Dear community members,
On March 16th, Independent Futures closed our office, and our staff started working remotely. As Illinois moves into Phase 3 of the Restore Illinois plan, we can begin informing you about our reopening update.
Beginning June 8th, our office will be open from 11:00 am-2:00 pm. In following weeks, we will increase our open hours gradually. To limit risk, all office visitors must call (847) 328-2044 to make an appointment. Along with these limited hours, we have installed a sneeze guard at our front desk and marked 6 foot areas throughout the office. The following policies will apply to everyone entering our office.
Everyone must wear masks during any and all in-office meetings. We ask that you bring your own, but if you do not have a face covering, one will be provided for you.
We will take your temperature when you arrive at the office. Our staff are also asked to follow this procedure to protect our whole community.
Safety practices such as frequently washing our hands for at least 20 seconds and maintaining social distance will be required of all staff and guests.
There will be hand sanitizer available in the office. We recommend that anyone entering or leaving the office use hand sanitizer to reduce the chance of transmitting the virus to others.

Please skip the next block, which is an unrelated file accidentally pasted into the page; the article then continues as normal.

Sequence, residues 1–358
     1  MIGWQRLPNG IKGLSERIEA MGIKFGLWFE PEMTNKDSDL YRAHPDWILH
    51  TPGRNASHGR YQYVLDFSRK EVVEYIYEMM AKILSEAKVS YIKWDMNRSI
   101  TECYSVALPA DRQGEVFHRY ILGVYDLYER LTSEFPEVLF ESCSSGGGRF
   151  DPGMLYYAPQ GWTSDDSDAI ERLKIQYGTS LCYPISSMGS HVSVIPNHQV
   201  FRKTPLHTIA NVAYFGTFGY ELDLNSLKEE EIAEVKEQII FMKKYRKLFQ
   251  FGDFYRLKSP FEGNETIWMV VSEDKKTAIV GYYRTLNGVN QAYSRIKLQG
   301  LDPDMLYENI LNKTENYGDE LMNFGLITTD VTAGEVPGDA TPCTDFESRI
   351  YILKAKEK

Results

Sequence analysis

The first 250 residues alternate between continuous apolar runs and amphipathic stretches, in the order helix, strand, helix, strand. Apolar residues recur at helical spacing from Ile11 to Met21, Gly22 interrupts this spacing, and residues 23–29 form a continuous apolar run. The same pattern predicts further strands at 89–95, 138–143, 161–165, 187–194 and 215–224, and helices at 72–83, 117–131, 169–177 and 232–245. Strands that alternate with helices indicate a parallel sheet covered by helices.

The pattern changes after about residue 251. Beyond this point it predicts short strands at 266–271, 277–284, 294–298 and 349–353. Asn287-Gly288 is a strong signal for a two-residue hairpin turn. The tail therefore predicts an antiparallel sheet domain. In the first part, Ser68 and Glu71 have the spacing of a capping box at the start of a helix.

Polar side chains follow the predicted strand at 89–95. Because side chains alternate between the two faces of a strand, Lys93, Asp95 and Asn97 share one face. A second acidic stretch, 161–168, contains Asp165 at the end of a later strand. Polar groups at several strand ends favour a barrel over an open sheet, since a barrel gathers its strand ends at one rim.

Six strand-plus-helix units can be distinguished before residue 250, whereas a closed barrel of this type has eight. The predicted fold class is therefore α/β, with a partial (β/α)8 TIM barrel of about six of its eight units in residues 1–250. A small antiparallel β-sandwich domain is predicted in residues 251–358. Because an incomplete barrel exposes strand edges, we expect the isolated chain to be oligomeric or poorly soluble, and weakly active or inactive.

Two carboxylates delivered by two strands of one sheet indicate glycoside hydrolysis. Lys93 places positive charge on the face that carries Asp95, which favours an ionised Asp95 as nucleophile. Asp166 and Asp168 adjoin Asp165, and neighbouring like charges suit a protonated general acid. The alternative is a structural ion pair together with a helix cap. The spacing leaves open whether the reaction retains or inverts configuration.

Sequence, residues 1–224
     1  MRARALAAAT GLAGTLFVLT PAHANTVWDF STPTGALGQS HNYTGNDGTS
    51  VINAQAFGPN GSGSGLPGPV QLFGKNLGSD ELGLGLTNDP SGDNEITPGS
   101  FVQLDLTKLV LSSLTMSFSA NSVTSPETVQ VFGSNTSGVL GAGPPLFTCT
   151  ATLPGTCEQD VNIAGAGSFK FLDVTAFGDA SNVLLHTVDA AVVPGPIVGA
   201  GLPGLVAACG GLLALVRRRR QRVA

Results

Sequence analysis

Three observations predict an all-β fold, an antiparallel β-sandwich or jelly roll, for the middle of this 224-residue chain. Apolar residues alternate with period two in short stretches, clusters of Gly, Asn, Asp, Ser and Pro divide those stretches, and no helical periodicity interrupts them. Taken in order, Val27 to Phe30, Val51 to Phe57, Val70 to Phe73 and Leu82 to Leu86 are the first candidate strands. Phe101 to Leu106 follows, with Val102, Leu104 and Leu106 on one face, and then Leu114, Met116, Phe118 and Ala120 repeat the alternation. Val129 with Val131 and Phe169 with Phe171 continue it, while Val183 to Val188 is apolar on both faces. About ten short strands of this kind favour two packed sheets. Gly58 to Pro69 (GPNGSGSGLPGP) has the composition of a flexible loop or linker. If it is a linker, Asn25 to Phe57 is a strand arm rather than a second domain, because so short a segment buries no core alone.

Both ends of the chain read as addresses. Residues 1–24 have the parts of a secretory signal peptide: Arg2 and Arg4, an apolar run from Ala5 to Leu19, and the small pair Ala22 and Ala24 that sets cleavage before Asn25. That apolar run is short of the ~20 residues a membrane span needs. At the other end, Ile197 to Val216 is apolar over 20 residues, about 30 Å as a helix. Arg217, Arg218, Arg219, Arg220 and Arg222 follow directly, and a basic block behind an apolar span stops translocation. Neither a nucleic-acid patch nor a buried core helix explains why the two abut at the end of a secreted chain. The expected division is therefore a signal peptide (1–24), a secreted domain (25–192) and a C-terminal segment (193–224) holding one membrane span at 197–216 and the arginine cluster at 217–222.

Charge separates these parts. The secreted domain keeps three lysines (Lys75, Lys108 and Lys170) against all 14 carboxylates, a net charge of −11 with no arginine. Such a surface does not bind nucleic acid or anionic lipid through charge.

Out of respect for everyone’s health, please stay home if you feel unwell or have a temperature.
While our office has been closed, our Activities Director has continued to provide activities services online. Moving forward, we will be exploring blended activities options. To make our activities as accessible as possible, we will continue providing as many options as possible for the community. Please keep an eye out for our upcoming Summer Activities schedule.
We remain thankful for everyone’s patience and support as we make these transitions, and we look forward to seeing you all in person as soon as we can. We will update this blog periodically when we receive new information.
If you have any questions about our reopening update, please email email@example.com. We will forward your question to the appropriate staff member. In the meantime, stay healthy and take care!